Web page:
The Veterans Day holiday kept volumes down on Monday and benchmarks added meager gains during a mostly uneventful trading session. However, the gains were sufficient for the Dow to clinch another record high, the thirty fifth such instance this year. Among the S&P 500 industry groups, health care stocks gained the most, whereas the consumer staples sector incurred huge losses.
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The Dow Jones Industrial Average (DJI) climbed 0.1% to close the day at 15,783.10. The S&P 500 rose 0.1% to finish yesterday’s trading session at 1,771.89. The tech-laden Nasdaq Composite Index gained 0.01% to end at 3,919.79. The fear-gauge CBOE Volatility Index (VIX) dropped 2.9% to settle at 12.53. Consolidated volumes on the New York Stock Exchange were roughly 2.54 billion shares. Advancing stocks outnumbered the decliners. For 50% shares that advanced, only 46% declined.
Stocks moved moderately higher on Monday during a thinly traded session owing to the Veterans Day holiday. Nonetheless, the Dow rallied toward a record high for the third time in the month, and the thirty fifth time this year. Such gains are primarily attributable to an encouraging jobs report. Investors now believe that the economy’s has gained sufficient strength to withstand the Federal Reserve’s tapering of its stimulus program. Such a move is expected to happen as soon as December.
Apart from yesterday’s session being low on volumes, there was little news which could impact the benchmarks’ movement. Among the few developments, Viropharma Inc. (NASDAQ:VPHM) shares jumped 25.5 % to $49.41, following news that Shire PLC will purchase the company for $4.2 billion.
Shares of Transocean Ltd. (NYSE:RIG) gained 3.8% to touch $55.49 per share, after the company announced it had reached an agreement with investor Carl Icahn to pay a dividend of $3 per share. The offshore driller has also reached an agreement with Icahn to reduce the size of its board.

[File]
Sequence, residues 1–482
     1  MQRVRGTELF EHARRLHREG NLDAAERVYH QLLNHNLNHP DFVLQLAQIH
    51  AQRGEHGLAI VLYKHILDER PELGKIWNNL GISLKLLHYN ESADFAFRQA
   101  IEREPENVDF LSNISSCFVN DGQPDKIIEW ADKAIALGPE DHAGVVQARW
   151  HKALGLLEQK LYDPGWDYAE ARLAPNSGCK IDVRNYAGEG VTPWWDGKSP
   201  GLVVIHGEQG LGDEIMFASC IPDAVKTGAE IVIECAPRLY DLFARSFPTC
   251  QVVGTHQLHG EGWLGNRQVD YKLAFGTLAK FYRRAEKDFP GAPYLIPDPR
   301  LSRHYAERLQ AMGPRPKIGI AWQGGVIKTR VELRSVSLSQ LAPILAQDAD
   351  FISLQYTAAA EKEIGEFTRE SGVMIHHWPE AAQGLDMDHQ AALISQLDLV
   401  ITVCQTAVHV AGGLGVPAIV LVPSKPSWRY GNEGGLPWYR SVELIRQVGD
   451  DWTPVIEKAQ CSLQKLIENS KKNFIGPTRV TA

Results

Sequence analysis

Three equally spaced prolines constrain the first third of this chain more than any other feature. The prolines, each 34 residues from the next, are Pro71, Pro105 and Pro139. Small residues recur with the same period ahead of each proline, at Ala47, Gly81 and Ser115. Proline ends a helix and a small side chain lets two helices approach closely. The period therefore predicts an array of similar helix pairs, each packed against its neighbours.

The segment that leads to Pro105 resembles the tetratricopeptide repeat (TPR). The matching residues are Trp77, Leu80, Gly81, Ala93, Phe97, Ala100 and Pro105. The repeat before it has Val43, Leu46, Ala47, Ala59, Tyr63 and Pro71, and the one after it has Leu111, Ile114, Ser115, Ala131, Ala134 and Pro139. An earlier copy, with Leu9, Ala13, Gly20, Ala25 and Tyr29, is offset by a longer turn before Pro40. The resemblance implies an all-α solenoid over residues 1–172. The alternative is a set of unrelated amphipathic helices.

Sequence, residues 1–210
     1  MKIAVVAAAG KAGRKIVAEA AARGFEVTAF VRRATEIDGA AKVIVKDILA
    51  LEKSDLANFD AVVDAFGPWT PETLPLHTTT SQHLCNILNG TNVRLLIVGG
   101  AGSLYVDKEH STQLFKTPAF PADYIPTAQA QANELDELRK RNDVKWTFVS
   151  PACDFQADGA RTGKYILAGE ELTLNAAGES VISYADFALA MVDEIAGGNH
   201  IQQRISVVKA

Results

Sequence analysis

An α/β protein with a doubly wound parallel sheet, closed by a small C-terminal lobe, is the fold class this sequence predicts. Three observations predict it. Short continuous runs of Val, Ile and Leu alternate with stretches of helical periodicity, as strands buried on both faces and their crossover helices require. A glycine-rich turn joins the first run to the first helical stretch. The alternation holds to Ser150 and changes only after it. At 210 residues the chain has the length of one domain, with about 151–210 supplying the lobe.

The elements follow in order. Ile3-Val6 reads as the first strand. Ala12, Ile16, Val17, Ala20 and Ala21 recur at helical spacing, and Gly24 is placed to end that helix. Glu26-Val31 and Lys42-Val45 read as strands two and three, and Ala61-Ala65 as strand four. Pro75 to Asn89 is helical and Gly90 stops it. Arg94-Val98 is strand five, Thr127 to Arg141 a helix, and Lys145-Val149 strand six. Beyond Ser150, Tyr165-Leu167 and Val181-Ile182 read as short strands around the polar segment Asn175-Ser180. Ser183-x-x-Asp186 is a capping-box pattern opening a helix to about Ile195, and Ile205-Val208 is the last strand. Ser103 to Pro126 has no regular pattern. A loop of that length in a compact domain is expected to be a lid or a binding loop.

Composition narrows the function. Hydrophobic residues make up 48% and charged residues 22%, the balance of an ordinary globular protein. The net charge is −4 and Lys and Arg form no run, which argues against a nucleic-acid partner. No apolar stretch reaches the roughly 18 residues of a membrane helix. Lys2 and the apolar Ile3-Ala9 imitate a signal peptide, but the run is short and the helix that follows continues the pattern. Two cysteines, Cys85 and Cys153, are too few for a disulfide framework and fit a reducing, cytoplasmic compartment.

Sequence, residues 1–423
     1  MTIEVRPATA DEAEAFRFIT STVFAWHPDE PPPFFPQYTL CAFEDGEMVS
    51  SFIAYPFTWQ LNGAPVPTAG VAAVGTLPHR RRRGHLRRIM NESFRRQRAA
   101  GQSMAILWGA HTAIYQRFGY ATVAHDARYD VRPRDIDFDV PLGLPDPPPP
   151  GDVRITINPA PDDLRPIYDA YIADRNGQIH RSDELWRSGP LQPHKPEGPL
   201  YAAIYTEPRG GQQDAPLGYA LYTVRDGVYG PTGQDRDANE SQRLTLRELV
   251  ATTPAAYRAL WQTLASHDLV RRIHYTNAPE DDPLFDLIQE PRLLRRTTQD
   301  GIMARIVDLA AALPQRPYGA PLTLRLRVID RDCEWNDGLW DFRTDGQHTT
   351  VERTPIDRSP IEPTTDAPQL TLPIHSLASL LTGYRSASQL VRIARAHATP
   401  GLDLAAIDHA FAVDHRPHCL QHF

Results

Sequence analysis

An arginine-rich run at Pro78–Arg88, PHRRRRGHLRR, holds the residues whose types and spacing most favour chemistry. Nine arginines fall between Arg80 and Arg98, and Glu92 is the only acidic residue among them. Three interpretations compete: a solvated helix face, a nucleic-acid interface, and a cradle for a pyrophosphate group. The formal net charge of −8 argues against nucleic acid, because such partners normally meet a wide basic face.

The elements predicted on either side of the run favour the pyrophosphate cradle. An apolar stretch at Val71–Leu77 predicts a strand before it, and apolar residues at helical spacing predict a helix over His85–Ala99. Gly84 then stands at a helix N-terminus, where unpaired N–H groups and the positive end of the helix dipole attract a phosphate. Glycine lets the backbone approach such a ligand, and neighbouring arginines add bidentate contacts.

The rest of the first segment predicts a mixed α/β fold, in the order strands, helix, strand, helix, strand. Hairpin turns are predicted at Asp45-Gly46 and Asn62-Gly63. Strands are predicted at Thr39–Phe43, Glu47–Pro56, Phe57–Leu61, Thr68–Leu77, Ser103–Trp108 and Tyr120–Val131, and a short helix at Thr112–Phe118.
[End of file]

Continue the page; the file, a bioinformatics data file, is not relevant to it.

Jobs data published on Friday showed that 204,000 jobs were created in October, better than the consensus estimate of 114,000 jobs. The report led investors to believe that the Federal Reserve would reduce its level of bond purchases by next month itself.
Supporting the above expectations are last week’s comments from members of the central bank who said the Federal Reserve should reduce its asset purchases only when it receives clear indications that the economy is improving. However, the three Fed officials did not comment on exactly when they believe the stimulus program should be withdrawn.
Twitter Inc. (NYSE:TWTR) which made its debut in the stock market on Thursday last week, dropped marginally, by 0.05% to end yesterday’s trading day at $41.63 per share. The company ended Thursday trading session at $44.90, a 73% jump from its $26 initial public offering (IPO) price. Prices had increased to more than $50 during the trading day.
Coming back to yesterday’s session, the healthcare sector was the biggest gainer among the S&P 500 industry groups and the Health Care SPDR (XLV) gained 0.24%. Stocks such as Johnson & Johnson (NYSE:JNJ), Merck & Co., Inc. (NYSE:MRK), Gilead Sciences, Inc. (NASDAQ:GILD), Bristol-Myers Squibb Co (NYSE:BMY), and AbbVie Inc. (NYSE:ABBV) added 0.3%, 0.4%, 0.2%, 0.4%, and 1.1%, respectively.
Consumer staples were the biggest loser among the S&P 500 industry groups as the Consumer Staples SPDR (XLP) lost 0.3%. Stocks such as The Procter & Gamble Company (NYSE:PG), The Coca-Cola Company (NYSE:KO), PepsiCo, Inc. (NYSE:PEP), Altria Group Inc. (NYSE:MO), and Colgate-Palmolive Company (NYSE:CL) slipped 0.3%, 0.5%, 0.5%, 0.3%, and 0.3%, respectively.